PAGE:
How many ways can you say kill, murder, slaughter, butcher, dispatch, smoke, stab, strangle, garrote, assassinate, terminate, rub out?

How about kidnap, abduct, snatch, capture, shanghai, victimize?

Or con, bilk, swindle, bamboozle, fool, defraud, sham, exploit, deceive?

Jim Bell recently discussed using a thesaurus. I use it often to find verbs that are vivid …as long as they’re not pretentious!

  1. Appropriate

I’m not talking about adult language or NSFW (not suitable for work), although those are important considerations for a writer.

Rather, is a particular word in keeping with the setting, character, and circumstances?

A rural farm locale has a different cadence and rhythm than a noisy, bustling street in Hong Kong.

A preschool teacher probably won’t talk the same way a construction worker does.

In the middle of the flashing strobes of a rave, the character likely isn’t meditating about the meaning of life…although the setting may prompt an existential question: What the &*$# am I doing here?

Choose words that are appropriate for each scene.

  1. Sensory

Smell, taste, and touch are often neglected yet they add great texture to storytelling.

Smell can be flowery, acrid, pungent, stinky, musky, fragrant, mouth-watering, decaying, cloying, wet-dog.

Taste can be bitter, tart, sweet, salty, peppery, sour, rotten, nauseating, rich, creamy.

Touch can be a slap, blow, swat, caress, stroke, punch, slam, hug.

  1. Evocative

What kind of mood do you want to create for different scenes in your story? If a scene is mysterious, chilling, and foreboding, word choices are far different from a cheerful, sunny, carefree picnic.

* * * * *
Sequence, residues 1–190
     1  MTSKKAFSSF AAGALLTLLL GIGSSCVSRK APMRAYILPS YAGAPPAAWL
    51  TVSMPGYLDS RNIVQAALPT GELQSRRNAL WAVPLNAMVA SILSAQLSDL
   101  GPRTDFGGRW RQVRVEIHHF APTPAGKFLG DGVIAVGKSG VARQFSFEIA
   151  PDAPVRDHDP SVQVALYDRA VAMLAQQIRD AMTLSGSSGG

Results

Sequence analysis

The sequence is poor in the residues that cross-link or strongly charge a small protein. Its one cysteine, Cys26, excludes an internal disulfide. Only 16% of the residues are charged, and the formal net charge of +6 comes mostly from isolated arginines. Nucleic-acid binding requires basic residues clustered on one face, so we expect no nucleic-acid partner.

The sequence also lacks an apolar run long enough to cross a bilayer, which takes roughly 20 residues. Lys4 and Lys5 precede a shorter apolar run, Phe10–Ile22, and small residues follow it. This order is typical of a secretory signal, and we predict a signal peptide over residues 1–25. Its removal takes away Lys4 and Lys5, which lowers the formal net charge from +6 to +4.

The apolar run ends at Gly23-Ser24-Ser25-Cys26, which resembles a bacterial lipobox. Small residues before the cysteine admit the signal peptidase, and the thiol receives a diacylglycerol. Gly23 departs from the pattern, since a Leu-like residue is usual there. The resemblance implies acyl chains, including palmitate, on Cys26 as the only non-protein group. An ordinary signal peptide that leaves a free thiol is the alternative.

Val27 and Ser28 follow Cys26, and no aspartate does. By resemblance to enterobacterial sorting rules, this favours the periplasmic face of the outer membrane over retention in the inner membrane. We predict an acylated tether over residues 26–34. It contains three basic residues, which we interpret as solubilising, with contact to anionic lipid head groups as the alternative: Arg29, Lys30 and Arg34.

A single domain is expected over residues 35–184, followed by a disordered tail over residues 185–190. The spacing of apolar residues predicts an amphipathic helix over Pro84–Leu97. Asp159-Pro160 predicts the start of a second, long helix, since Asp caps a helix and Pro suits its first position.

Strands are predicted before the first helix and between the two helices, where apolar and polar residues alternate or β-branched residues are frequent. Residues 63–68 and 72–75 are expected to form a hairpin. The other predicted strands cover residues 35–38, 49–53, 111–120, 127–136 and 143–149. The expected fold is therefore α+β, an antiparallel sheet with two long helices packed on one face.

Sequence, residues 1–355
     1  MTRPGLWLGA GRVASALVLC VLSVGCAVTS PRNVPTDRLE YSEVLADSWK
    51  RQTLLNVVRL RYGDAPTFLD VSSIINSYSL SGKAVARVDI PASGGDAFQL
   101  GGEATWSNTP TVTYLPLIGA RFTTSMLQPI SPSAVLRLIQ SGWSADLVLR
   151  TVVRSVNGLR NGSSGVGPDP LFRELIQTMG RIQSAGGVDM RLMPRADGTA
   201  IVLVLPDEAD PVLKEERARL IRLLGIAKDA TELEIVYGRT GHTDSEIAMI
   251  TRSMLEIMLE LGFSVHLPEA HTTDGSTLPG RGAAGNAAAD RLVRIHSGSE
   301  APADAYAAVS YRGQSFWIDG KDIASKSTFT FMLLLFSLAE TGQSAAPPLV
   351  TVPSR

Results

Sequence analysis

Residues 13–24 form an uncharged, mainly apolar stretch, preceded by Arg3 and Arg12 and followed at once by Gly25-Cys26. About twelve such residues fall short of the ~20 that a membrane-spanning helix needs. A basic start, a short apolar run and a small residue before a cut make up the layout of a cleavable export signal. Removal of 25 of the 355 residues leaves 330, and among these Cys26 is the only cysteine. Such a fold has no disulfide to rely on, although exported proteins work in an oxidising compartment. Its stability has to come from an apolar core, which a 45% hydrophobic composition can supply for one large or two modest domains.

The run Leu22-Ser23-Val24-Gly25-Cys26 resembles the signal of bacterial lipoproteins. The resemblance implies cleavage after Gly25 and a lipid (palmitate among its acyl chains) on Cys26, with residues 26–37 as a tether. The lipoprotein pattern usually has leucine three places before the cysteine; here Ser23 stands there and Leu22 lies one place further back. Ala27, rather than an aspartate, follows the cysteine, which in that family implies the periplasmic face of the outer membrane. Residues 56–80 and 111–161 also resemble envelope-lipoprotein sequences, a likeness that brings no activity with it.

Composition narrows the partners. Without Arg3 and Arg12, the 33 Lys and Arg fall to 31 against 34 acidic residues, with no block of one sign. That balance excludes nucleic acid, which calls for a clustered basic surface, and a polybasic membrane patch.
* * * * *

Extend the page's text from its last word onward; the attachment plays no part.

Is the character slogging through a sweltering, stifling, claustrophobic jungle?

Or hiking in crisp, bracing, autumn air?

Is the character melancholy over the loss of a loved one?

Enraged by a driver who cuts him/her off?

Quivering with anticipation for a reunion with a lover?

  1. Emotional

Saying Rose felt sad or Bill was elated is not good enough. Telling emotions rather than showing them makes flat characters and flat writing.

Readers seek a vicarious emotional experience in books. Our quest as writers is to make readers feel as if they’re inside the character’s skin.

No one wants to be pushed off a cliff in real life. But when they read about a character whose hands are torn by sharp rocks and whose feet flail to stop their free fall, they get to have that experience vicariously…without broken bones and traumatic brain injuries!